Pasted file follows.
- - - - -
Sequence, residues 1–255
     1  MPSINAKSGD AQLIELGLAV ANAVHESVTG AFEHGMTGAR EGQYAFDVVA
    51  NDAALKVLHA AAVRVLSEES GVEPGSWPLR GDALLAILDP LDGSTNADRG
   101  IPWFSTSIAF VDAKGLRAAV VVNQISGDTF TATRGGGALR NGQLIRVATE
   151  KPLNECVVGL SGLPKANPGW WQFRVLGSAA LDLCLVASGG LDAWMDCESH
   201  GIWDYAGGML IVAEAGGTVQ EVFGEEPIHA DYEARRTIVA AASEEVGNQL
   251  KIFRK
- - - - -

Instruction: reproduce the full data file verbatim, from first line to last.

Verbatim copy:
Sequence, residues 1–255
     1  MPSINAKSGD AQLIELGLAV ANAVHESVTG AFEHGMTGAR EGQYAFDVVA
    51  NDAALKVLHA AAVRVLSEES GVEPGSWPLR GDALLAILDP LDGSTNADRG
   101  IPWFSTSIAF VDAKGLRAAV VVNQISGDTF TATRGGGALR NGQLIRVATE
   151  KPLNECVVGL SGLPKANPGW WQFRVLGSAA LDLCLVASGG LDAWMDCESH
   201  GIWDYAGGML IVAEAGGTVQ EVFGEEPIHA DYEARRTIVA AASEEVGNQL
   251  KIFRK